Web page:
Roberts:  Well, then they can’t have a reasonable expectation of privacy based on the fact that their communication is routed through a communications company.

Dammeier (attorney): Well, they — they expect that some company, I’m sure, is going to have to be processing the delivery of this message.  And —

Roberts:  Well, I didn’t — I wouldn’t think that.  I thought, you know, you push a button, it goes right to the other thing.

Dammeier:  Well —

Scalia:  You mean it doesn’t go right to the other thing?


You may not agree with the opinions that the justices issue, but I think the transcript illustrates several things.  First, they’ve gotten a grasp of the legal issues in the case (which is, after all, their job).  Second, they’re more than willing to ask questions.  Third, as evidenced by Roberts, at least some of them are unafraid of saying, “I don’t understand X.  Can you explain it to me?”

Which isn’t a bad way to start learning more about things you know that you don’t know.

Supreme Court image adapted from this CC-licensed photo by Virginia Foxx.

4 thoughts on “Ignorant but not dumb: known unknowns and the Supreme Court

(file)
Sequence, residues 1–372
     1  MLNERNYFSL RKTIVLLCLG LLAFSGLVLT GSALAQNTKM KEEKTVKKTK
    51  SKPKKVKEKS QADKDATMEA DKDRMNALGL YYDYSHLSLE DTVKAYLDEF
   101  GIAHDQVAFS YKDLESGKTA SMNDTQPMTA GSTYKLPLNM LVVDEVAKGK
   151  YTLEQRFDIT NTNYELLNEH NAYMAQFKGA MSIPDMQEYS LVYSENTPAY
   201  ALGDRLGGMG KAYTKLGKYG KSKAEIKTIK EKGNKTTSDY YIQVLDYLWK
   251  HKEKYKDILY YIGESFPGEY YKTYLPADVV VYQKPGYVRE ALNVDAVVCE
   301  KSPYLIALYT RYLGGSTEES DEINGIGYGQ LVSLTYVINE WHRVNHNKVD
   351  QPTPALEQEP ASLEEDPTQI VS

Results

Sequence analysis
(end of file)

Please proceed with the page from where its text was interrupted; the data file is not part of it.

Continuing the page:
1. Very good points! Why would they know how a pager works – judges aren’t exactly on the emergency contact list (esp Supreme Court justices). Few of them would ever have had access to one, let alone known the intricacies of the technology. And they probably aren’t terribly tech savvy because their clerks do a lot of leg work for them, which is as it should be – they have bigger things to think about.

    The important thing, and the heart of your post, is knowing what you don’t know and having the courage to ask questions. I’m sure the justices knew how silly their questions would sound, and they probably felt like 100-year-old ludites asking them, but they ASKED because it was important.

  2. Tonya:

    I can see many facets here. Frankly, pagers are pretty much off my own radar screen. When I worked for an information-services company, lots of our tech staff had them–but that was mainly before widespread use of cell phones. In a way, the pager was the smartphone of its time, in a reach-me-when-you-need-to, carry-it-in-my-pocket sense.

    If I’m honest, I don’t like looking as though I don’t know something, either — especially if I think it’d be good to know that something.

  3. You’re kind of a high-tech, highly-wired guy, Aaron.

    I do think they’re fading, since even a not-very-smart phone can receive text messages, but they haven’t disappeared any more than fax machines have.

    I have a suspicion (though little evidence) that a lot of government bodies lag, technologically. Some of it’s inertia; some of it’s the pain of having to justify nearly every purchase to people yelling about waste and fraud. Even when I was with GE, our component (whose business was information services) resisted upgrading just for the sake of having the latest. It’s not a bad approach and aligns with my practice of not buying anything with a low serial number.